Morning LD and TPW’ers Rare day off from shining up the office chair with my ass. Hope you done mine that I treat this as an open thread as I came across this article today. And to think an 18 year old who was probably told it couldn’t be done has thought this up and wasn’t deterred by the skeptics. I’ve had discussions with one of my sons who’s an engineer who says certain things in his favorite sci fi movie cant be done. I constantly tell him its not the people who say it cant be done that will discover solutions or figure out a warp drive etc, It’s the person who believes it CAN be done and will dedicate themselves to finding a way. Score one for the next generation here. Their is also a break through on an enzyme that will eat plastics and break it down to a inert form but its early in its research, it was discovered by accident.

The Revolutionary Giant Ocean Cleanup Machine Is About To Set Sail

On a Wednesday afternoon in a sprawling lot on a former naval air station in Alameda, California, across the bay from San Francisco, workers are welding a massive black tube together. The tube–roughly the length of a football field–is one piece of a larger system that will set sail for the Great Pacific Garbage Patch this summer, where it will begin collecting some of the 1.8 trillion pieces of plastic trash brought there by ocean currents Six years ago, the technology was only an idea presented at a TEDx talk. Boyan Slat, the 18-year-old presenter, had learned that cleaning up the tiny particles of plastic in the ocean could take nearly 80,000 years. Because of the volume of plastic spread through the water, and because it is constantly moving with currents, trying to chase it with nets would be a losing proposition. Slat instead proposed using that movement as an advantage: With a barrier in the water, he argued, the swirling plastic could be collected much more quickly. Then it could be pulled out of the water and recycled.Some scientists have been skeptical that the idea is feasible. But Slat, undeterred, dropped out of his first year of university to pursue the concept, and founded a nonprofit to create the technology, The Ocean Cleanup, in 2013. The organization raised $2.2 million in a crowdfunding campaign, and other investors, including Salesforce CEO Marc Benioff, brought in millions more to fund research and development. By the end of 2018, the nonprofit says it will bring back its first harvest of ocean plastic back from the North Pacific Gyre, along with concrete proof that the design works. The organization expects to bring 5,000 kilograms of plastic ashore per month with its first system. With a full fleet of systems deployed, it believes that it can collect half of the plastic trash in the Great Pacific Garbage Patch–around 40,000 metric tons–within five years.</blockquote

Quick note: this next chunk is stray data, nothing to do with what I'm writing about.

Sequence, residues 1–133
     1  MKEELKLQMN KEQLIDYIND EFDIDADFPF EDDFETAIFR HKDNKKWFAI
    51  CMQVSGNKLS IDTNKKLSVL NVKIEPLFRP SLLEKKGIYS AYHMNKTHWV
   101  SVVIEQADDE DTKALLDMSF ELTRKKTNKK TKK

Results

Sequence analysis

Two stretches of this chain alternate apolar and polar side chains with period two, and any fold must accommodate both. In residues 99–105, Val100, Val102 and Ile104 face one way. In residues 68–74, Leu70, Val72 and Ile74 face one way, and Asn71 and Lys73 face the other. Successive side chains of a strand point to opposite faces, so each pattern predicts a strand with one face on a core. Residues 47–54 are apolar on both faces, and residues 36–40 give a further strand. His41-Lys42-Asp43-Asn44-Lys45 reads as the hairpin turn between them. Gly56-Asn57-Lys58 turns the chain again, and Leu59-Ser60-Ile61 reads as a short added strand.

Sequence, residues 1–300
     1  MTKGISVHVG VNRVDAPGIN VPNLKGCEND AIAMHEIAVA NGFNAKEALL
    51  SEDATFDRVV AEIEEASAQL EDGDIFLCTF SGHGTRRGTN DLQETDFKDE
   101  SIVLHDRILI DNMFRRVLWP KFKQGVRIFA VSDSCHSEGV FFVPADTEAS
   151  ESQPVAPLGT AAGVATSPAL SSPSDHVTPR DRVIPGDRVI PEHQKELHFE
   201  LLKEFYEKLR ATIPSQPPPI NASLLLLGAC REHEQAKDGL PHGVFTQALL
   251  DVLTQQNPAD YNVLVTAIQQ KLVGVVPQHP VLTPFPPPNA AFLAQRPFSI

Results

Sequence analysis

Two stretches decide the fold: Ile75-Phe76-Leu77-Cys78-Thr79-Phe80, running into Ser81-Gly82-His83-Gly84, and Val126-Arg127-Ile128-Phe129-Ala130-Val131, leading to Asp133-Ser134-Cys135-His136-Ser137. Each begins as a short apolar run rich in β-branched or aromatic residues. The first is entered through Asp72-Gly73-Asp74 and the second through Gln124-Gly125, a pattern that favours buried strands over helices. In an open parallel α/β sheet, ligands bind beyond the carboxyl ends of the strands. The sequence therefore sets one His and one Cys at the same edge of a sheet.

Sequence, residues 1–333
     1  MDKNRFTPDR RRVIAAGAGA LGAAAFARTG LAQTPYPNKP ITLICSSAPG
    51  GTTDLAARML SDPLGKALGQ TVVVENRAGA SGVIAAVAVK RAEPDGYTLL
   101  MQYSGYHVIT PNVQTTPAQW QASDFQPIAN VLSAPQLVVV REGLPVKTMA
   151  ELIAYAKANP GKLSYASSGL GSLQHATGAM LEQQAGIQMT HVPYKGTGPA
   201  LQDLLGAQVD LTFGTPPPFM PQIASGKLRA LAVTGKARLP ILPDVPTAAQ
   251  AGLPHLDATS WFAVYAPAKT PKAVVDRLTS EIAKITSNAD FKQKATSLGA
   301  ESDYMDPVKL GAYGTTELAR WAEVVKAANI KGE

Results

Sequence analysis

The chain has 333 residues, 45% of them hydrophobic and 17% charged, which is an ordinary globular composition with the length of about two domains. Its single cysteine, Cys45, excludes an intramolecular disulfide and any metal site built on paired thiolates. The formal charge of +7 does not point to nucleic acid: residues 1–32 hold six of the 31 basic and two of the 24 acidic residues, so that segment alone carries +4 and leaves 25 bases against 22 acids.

More at


Thanks for the link, wi59. Read it, and was absolutely fascinated. The oceans are in dire need of major cleanup. Hopefully, these people will get it done in time.


Support for new restrictions on guns has surged in the weeks since the mass shooting at a Parkland, Fla. high school, a new ABC News/ Washington Post poll found.

Sixty-two percent of respondents in the poll said that they support a national ban on selling assault weapons, up from 50 percent in the same poll in mid-February. It’s the highest level of support in the poll for such a ban since January 2011.

Even more respondents were in favor of other gun measures. Seventy-two percent of respondents said they supported raising the legal age to buy rifles and shotguns to 21, and 85 percent backed so-called “red flag” measures that allow police to take away guns from individuals deemed to be a danger to themselves and others.

Fifty-seven percent of respondents said that enacting new laws aimed at preventing gun violence are more important than protecting gun rights.

The poll also found that 71 percent of Americans believe lawmakers aren’t doing enough to prevent gun violence, and 59 percent think President Trump isn’t doing enough.